Is your science fair coming up, but you’re still not sure what to present for it? Trying to find a last minute idea without breaking the bank can be really frustrating but one simple tool- magnets can give you a few ideas!
This is experiment #2 in a 3 part series of fun, simple, inexpensive projects that will wow your judges at the science fair.
Did you know you can create your own electromagnet? You can then use them to show the effect of electromagnets on a compass by comparing their magnetic fields.
Electromagnets work as magnets when electrical current is flowing through them. To make one – begin with a large nail, wrap some insulated wire around it and then connect the ends to a battery. Place a compass nearby it and see what happens. How close does the compass have to be to see an effect?
Remember to select ONE variable, predict the effect of that variable, make a change or a range of changes to just that variable, and record your results. The variables in this experiment are the wire, the nail, the battery and a compass or iron filings or small metal objects like paperclips.
Think about the wire: how might different types of wire affect the strength of the electromagnet?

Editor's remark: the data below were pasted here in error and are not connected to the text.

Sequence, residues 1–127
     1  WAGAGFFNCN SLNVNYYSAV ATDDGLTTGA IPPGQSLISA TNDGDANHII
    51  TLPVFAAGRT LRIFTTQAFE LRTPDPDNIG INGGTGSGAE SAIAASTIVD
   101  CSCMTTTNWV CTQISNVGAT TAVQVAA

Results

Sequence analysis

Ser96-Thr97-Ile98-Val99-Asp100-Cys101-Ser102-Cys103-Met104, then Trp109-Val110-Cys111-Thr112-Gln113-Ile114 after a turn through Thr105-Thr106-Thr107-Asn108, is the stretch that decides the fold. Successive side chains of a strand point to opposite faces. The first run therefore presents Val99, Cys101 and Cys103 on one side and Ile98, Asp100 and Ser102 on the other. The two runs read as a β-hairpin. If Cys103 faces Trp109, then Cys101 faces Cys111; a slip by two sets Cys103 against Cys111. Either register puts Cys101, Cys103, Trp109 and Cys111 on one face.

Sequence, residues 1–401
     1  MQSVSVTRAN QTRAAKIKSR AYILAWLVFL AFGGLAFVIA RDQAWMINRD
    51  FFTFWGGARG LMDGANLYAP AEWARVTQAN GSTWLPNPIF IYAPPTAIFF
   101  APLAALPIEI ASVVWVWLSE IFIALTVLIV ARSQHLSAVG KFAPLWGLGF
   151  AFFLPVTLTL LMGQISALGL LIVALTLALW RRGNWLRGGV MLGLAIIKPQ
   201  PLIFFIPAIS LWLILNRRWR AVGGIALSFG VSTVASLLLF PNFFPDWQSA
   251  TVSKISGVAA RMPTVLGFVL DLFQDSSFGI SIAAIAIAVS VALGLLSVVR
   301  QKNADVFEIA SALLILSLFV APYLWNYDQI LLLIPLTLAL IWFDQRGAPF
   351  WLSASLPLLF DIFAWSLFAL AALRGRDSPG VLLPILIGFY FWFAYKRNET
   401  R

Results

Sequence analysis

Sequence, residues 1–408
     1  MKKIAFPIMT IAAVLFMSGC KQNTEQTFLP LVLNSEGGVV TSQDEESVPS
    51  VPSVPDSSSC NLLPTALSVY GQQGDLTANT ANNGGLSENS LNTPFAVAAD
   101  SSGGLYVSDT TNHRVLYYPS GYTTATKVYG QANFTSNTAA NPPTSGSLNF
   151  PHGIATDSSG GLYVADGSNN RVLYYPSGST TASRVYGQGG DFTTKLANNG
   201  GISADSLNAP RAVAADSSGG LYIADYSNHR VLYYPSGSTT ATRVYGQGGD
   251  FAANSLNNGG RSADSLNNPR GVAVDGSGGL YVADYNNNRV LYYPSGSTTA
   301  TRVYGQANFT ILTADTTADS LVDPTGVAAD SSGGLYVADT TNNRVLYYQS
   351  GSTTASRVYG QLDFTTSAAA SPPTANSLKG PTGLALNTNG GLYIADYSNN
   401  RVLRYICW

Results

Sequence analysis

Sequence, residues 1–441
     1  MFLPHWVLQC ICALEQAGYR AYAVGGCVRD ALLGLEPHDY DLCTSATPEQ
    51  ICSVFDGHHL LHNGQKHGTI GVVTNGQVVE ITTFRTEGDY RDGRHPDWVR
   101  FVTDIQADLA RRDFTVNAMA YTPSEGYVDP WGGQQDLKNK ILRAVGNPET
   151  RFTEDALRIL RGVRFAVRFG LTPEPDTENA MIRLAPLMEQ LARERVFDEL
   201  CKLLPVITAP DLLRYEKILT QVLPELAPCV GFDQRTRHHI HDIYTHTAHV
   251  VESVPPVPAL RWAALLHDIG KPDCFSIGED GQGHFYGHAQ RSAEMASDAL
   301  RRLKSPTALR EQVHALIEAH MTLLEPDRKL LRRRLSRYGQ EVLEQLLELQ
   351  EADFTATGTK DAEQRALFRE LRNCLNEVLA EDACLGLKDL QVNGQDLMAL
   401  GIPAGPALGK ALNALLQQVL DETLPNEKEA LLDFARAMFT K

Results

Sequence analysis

Think about the coil: what happens with the magnetic field when you coil the wire more around the nail? How about if you coil it less? So what effect does the amount of coiled wire have on the electromagnet’s strength as a magnet? If you select this question, be careful not to introduce changes to two variables. You are either exploring the tightness of the coil (using the same amount of wire) or you are exploring the amount of wire (with the same degree of tightness).
Think about the nail: how might different size nails affect the strength of the electromagnet?
Think about the battery: how might different types or brands of batteries affect the strength of the electromagnet?
If you want, you can use iron fillings on a paper plate or napkin and place your electromagnet beneath it. The fillings should arrange themselves around the magnetic field. You can use your these results to create a visual presentation for the science fair.
Problem to solve: How might you measure “strength” so that you have a quantitative dependent variable? (HINT: the closer an object has to be to observe an effect of the electromagnet, the weaker the electromagnet is). Are there other measurements you could make?
Bruce Utsler is a freelance blogger and science enthusiast. He is currently studying to become an X-ray technician. He is an expert with magnets, particularly neodymimium magnets. When he isn’t busy studying or experimenting, Bruce likes to hit the streets with his longboard. –